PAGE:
Today’s Mail Bag question comes from Rebecca G regarding the term “burnished”. It is a term that gets tossed about a lot but it can lead to question as to what exactly it means.
I was reading about a 2006-W ASE (editor: American Silver Eagle) and it mentioned that it was burnished. What does that mean and why is this coin so much more than other ASE coins?Rebecca G’s email
This is a great question Rebecca and I suspect others have the same question.
Simply put, the term burnished refers to a unique finish that the United States Mint applies to bullion coins. From the Mint’s perspective, they simply refer to these as uncirculated but starting in 2006, the silver American Eagle began appearing with this type of finish. That is why starting in 2006, the W mint mark started appearing on the silver American Eagle and continues through today. That W mint mark denotes when this new finish began in the series.
From a technical perspective, a burnished coin appears matte (less shiny) when you compare them to regular uncirculated coins. In the case of the American Eagle, take a look at one from 1986 and one from 2006. The difference is apparent at first glance. To achieve this look, the Mint places the coin’s planchets (the coin blanks) into a drum where they are subjected to spinning along with millions of 6mm ball polishing media. After this is completed, the coins are struck with these planchets which gives them this matte finish look.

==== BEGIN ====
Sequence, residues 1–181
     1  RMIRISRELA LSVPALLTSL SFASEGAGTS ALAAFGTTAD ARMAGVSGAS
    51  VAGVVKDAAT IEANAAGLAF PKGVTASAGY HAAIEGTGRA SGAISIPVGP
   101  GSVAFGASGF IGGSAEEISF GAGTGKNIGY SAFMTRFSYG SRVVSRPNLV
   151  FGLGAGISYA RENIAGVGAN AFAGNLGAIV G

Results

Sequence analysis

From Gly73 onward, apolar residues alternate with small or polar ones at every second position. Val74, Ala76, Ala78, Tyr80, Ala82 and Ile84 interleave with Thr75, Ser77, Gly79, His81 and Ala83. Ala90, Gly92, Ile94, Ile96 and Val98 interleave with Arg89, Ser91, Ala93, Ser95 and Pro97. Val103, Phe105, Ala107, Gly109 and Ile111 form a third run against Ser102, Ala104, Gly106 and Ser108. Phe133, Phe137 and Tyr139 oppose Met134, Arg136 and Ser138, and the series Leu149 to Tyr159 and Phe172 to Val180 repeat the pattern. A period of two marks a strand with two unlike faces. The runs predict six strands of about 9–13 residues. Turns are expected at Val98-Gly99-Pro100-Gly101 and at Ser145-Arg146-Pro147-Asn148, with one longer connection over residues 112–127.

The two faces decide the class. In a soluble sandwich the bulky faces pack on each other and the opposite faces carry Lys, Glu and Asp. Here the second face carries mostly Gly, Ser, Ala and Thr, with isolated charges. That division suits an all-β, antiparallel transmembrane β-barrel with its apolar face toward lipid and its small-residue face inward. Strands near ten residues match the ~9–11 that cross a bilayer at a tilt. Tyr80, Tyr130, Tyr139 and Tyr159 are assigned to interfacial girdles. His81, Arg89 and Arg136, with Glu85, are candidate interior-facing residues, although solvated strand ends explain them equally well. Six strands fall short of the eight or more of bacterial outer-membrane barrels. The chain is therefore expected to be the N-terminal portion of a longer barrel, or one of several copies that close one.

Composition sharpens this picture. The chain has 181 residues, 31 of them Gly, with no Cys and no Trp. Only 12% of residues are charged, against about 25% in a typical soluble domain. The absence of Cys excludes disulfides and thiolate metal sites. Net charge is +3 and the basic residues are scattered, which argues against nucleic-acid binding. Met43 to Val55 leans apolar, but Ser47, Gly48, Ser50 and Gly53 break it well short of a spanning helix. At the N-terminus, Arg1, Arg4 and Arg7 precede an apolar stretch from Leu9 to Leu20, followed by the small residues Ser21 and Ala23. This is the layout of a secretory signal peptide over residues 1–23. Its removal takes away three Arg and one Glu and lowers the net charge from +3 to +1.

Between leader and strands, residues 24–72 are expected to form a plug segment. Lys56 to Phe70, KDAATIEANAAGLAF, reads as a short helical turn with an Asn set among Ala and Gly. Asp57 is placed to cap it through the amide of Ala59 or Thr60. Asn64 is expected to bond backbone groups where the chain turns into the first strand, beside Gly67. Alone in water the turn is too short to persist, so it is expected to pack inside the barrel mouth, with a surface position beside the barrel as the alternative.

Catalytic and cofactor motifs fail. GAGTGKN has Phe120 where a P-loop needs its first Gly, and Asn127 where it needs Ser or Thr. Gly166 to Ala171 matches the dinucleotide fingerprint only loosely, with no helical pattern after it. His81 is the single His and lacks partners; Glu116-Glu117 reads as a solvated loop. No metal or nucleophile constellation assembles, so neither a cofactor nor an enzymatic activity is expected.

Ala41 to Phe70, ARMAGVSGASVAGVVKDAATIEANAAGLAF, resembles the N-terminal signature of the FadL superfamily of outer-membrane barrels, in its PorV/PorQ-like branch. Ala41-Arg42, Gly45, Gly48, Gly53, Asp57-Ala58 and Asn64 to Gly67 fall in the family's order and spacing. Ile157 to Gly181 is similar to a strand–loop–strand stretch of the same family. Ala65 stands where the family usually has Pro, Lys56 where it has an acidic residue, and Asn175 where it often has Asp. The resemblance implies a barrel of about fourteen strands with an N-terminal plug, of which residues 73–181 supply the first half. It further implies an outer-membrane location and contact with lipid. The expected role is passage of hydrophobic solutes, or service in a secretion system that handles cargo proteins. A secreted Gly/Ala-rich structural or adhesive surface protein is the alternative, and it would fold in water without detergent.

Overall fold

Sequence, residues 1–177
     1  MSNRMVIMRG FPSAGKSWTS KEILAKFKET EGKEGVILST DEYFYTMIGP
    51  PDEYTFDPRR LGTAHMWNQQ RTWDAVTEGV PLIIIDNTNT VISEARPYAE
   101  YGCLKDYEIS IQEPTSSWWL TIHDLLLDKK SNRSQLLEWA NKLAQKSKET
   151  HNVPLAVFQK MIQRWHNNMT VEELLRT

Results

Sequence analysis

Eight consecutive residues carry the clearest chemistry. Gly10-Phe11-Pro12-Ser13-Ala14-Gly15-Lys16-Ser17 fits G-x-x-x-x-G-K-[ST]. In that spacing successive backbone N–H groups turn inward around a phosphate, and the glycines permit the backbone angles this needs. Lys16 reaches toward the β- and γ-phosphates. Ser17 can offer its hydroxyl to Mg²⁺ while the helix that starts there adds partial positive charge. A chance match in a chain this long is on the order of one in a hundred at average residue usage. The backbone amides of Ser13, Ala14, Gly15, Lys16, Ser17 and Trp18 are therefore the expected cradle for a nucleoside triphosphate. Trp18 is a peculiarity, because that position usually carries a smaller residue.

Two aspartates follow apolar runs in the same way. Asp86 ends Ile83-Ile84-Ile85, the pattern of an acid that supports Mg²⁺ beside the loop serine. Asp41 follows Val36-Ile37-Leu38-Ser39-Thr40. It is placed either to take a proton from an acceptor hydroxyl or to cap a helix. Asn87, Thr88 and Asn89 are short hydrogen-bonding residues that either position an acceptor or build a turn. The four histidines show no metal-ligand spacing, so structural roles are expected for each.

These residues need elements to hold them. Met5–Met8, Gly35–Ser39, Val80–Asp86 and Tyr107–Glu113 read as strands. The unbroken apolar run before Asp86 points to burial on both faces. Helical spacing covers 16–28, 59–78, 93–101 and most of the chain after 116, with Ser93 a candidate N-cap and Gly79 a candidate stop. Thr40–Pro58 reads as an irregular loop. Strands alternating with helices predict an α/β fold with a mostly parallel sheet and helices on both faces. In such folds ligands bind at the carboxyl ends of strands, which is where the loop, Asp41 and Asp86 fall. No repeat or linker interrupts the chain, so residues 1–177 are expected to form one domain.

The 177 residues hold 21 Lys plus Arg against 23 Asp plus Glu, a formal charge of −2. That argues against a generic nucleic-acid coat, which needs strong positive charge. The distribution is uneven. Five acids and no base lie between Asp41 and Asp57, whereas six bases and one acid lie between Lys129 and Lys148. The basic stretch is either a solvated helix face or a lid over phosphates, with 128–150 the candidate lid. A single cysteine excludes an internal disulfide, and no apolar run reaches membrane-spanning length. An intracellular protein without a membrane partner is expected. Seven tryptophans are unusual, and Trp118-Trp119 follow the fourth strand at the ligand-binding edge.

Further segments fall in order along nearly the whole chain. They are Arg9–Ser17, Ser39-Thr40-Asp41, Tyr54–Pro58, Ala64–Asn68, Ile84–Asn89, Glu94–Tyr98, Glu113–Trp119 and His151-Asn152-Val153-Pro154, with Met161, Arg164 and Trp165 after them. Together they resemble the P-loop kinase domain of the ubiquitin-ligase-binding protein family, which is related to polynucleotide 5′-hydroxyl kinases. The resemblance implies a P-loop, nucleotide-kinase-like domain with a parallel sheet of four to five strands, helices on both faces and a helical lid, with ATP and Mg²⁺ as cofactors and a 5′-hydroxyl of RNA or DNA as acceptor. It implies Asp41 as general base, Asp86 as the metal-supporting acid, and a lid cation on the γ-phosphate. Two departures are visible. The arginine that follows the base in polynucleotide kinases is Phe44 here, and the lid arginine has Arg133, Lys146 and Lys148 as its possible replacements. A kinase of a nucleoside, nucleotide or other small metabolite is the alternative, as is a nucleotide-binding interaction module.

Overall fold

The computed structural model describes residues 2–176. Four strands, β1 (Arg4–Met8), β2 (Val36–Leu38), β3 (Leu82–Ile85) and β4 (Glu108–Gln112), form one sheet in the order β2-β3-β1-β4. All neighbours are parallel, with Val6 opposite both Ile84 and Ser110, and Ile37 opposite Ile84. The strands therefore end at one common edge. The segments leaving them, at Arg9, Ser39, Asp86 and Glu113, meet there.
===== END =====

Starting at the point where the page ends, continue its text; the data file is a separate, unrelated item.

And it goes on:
Take a look at this 1986 American Eagle
Now take a look at the 2019-W American Eagle. The difference, even in these static shots, is pretty clear to see.
To be clear, the US Mint has applied the burnished look to other coins, most notably the America The Beautiful 5 ounce coins. But for the most part, it is used on the American Eagle.
As for your second question Rebecca, as to why the 2006-W American Eagle carries a premium, it comes down to two reasons. First, this was the first Eagle struck with the W mint mark. Second, it is the first year of the new burnished finish.
Thanks for your question Rebecca and I hope this answers your question. If you have a question, use the contact form on the About page here at USCoinNews.com.